5 Must-Know Tips for Marketing Historical Fiction

Not long ago, I read Ricardo Fayet‘s book How to Market a Novel. Ricardo is a co-founder of Reedsy, an organization dedicated to changing the way books are published by giving authors and publishers access to talented professionals, powerful tools, and free educational content. How to Market a Novel is full of practical advice organized in such a way that you can dip into the material you need at a given point in time. For me, that time was writing a book description. I’m delighted to have Ricardo on the blog today to discuss marketing historical fiction. Over to you, Ricardo.


Marketing a book is rarely easy, especially when you’re publishing in a small niche — and for historical fiction authors who write about a particular time and place, that’s precisely their situation. The good news is, with the right tips under your belt, you can deftly navigate the challenges of marketing historical fiction, and even have fun doing it!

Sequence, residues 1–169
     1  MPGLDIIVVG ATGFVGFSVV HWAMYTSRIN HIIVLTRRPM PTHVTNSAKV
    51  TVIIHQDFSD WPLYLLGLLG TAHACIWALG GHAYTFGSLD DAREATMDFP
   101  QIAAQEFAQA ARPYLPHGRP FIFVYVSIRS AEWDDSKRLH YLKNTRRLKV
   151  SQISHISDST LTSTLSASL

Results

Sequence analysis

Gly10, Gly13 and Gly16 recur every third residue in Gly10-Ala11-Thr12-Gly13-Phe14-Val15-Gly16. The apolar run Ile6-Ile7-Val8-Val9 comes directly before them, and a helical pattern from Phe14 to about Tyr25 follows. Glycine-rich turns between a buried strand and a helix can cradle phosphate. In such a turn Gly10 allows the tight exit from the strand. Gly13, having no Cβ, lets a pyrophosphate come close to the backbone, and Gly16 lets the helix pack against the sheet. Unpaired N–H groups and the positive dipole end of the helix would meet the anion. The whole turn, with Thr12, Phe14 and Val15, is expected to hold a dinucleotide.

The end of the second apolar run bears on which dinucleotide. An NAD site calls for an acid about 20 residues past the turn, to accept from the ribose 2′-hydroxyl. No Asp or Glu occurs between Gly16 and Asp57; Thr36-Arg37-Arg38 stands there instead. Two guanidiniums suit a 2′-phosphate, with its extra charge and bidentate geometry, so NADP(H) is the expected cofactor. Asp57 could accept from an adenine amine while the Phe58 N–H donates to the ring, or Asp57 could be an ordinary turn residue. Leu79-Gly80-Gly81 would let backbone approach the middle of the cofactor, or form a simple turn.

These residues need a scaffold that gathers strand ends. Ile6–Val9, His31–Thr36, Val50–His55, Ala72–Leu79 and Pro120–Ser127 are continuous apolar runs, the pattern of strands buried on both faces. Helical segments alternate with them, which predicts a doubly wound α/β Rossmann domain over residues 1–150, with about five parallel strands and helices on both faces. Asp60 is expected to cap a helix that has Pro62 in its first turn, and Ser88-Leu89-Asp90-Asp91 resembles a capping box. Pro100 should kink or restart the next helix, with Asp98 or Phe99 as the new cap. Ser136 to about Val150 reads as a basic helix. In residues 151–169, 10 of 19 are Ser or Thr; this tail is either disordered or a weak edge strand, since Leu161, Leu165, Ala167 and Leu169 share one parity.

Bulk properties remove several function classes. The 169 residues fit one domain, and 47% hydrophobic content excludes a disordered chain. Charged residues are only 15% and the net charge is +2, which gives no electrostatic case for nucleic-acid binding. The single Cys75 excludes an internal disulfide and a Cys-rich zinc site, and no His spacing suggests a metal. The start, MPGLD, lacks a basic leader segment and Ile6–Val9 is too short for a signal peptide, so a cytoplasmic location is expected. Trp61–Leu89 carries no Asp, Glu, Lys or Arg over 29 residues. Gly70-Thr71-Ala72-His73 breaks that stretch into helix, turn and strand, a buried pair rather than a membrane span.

In my new book, How to Market A Book: Overperform in a Crowded MarketI map out the essentials of book marketing and how any author can apply them to their own publishing strategy. Today, I’d like to go into detail about marketing historical fiction specifically, based on what I (and other authors) have found to be most fruitful in the genre. So if you’re getting ready to promote your book, listen up: here are five must-know tips for marketing historical fiction.

1. Know your target market

“Thou shalt know your target market” is the first of four marketing fundamentals given at the beginning of my book, and the most important. Everything else stems from this — if you don’t know who your book is for, you cannot market it effectively.

Ideally, you’ll have identified your target market before you even begin writing, but it’s never too late to narrow it down. If you haven’t yet thought about this, a good place to start is with other books: which would you use as comp titles to describe your own? With historical fiction, you’ll already have a built-in answer in the form of books set in the same time period. But you’ll want to think carefully about other elements as well: subgenre, geographical setting, and narrative style, to name a few.